My Father's house was broken into some years back, in the days when silver was very high. My photos of the busted door edge and jamb were quite effective. The tool was a pry bar of some kind. The lock was key-in-knob Schlage of some kind. We lost my Mother's silver. The guy was eventually caught - drug addict. But the silver was all gone.
Key control was a secondary reason, as was the ability to have limited-use service keys.
Pick resistance and bump resistance (although I did know of both issues) were not a real rationale, as none of my friends and family are wealthy enough to engage the attentions of thieves skilled enough to pick a lock, so pick resistance was a nice extra. What was essential was physical strength, so the break would be obvious.
Joe Gwinn
Reply to
Joseph Gwinn
You usually don't have to worry about them breaking something. They are happy to do it.
Reply to
Steve
right.. house, front, back, and garage door-3 knobs and 2 dbolts.. $100 for Kwikset or SIMILAR.. vs, 1500?? aint NO WAY.. besides, in my area, just KICK THE DOOR, it will open due to the VERY cheap frame used --Shiva--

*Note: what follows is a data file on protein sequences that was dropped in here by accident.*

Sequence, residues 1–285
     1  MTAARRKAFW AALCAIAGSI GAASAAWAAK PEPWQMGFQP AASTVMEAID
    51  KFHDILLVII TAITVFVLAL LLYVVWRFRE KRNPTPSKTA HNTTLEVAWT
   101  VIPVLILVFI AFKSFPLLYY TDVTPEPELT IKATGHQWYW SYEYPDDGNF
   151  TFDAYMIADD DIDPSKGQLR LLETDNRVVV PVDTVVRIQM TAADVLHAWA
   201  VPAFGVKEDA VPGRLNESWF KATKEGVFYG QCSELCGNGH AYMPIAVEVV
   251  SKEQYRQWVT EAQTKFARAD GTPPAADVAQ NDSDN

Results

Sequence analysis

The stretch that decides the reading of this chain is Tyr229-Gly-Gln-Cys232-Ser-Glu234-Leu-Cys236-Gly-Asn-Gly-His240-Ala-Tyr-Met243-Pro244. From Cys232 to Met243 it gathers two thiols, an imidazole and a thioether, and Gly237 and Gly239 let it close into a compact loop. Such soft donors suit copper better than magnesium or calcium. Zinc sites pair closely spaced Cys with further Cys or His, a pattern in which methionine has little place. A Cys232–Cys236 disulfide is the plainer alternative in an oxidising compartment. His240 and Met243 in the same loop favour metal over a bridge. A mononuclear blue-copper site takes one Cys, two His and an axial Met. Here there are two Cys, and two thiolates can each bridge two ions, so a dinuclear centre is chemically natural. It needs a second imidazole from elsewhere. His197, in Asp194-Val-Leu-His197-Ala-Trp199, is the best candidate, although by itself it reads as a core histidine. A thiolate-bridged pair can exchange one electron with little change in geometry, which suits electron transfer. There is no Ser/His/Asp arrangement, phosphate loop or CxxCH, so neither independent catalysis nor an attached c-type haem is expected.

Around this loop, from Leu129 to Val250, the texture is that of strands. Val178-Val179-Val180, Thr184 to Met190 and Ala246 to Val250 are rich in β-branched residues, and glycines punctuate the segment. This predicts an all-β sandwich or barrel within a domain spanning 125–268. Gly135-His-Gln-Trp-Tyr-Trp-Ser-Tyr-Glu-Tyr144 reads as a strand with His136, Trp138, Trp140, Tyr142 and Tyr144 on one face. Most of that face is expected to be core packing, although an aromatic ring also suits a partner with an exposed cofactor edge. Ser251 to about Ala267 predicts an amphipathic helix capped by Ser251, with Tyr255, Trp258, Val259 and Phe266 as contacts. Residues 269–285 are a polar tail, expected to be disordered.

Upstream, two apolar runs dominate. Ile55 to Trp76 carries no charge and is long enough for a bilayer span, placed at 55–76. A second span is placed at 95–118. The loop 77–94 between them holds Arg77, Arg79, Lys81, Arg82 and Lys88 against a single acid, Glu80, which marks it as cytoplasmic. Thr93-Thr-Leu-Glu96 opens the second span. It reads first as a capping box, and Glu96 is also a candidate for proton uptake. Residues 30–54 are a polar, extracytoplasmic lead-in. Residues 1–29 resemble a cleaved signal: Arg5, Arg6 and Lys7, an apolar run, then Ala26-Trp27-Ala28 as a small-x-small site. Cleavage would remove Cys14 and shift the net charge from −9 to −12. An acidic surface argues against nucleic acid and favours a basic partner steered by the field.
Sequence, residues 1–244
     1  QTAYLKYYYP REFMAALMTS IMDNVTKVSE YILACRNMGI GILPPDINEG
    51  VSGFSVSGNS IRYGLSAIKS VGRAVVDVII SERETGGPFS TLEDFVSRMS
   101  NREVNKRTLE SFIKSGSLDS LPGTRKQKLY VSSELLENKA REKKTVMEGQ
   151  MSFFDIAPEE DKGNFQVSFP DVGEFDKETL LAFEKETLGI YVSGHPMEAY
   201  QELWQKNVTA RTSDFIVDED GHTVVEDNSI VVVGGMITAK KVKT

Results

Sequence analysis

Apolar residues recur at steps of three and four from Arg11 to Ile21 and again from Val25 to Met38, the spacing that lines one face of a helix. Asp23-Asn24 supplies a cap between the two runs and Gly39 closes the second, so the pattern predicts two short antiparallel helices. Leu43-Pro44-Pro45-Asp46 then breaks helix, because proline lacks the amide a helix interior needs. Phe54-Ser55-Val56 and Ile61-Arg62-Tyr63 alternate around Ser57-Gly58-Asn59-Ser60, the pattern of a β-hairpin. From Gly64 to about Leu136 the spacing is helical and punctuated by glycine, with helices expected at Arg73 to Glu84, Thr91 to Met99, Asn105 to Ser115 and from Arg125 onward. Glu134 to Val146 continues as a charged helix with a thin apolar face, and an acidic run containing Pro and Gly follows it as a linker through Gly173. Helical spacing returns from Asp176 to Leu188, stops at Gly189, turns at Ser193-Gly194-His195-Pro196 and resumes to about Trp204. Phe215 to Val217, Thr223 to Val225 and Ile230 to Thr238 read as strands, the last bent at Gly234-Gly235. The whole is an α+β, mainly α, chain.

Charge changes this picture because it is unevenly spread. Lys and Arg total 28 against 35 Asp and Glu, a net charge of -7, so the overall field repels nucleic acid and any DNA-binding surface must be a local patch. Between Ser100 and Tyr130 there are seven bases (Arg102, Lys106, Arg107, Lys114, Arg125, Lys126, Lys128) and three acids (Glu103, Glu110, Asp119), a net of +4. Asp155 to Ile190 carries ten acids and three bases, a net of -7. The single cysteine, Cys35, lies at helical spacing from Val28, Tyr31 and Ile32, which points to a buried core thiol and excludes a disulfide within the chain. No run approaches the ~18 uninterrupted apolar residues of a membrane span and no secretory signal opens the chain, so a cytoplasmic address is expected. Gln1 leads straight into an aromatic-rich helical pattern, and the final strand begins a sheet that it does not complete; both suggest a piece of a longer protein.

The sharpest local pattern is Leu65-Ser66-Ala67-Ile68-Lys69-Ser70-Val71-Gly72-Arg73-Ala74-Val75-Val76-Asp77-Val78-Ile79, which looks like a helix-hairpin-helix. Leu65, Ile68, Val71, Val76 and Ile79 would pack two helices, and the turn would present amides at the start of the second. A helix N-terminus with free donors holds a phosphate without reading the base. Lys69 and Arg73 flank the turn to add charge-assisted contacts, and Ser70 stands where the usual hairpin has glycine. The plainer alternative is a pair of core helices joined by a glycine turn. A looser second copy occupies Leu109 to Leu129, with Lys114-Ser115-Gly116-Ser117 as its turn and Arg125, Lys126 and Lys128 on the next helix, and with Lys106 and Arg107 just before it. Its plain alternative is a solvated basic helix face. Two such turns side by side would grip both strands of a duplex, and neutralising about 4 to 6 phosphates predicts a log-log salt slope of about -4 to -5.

Reply to
me
Average house around here has 3 - 4 doors that need to be secured not including the rollup garage door(s). Usually two locks per door. Also a dozen or more windows. #1 use for high security locks in residential applications is people who want to keep their ex whatever or people operating on behalf of the ex whatever from coming in without their knowledge. Lawyers and other professional and business people who work with seriously confidential doccuments for serious money seem to appreciate them too. The strike boxes that come with maxums do help with the kick in problem especially if you use the screws I use in them but the bottom line is for people not worried specifically about covert entry they are excessive.
Reply to
Steve
ROFLMAO
never seen the builders we got here.. there is NOTHING behind the strike hole for a screw to HIT. Sheet rock wont hold anything.
--Shiva--
Reply to
me
You're exagerating. 1. There is no sheetrock behind the strike. The sheetrock lies along the inner edge of the studs and will be cut flush with the face of the stud along the rough door opening 2. There is a stud behind the strike, although there is a gap to allow the door frame to be shimmed in which is standard framing 101. You are basicly claiming that there is no stud anywhere inline behind the strike which is impossible with any conventional framing. You just need a screw long enough to hit it.
Reply to
Steve
I have put 3" screws in and hit nothing.. the trim on the door jamb is all thats holding the entire door and frame in on the lock side. yeah, there IS a 2x4 there, but its so far back that any long screws are useless as far as strength.. add to that a hollow core exterior door, and you have nothing much. P*** poor builders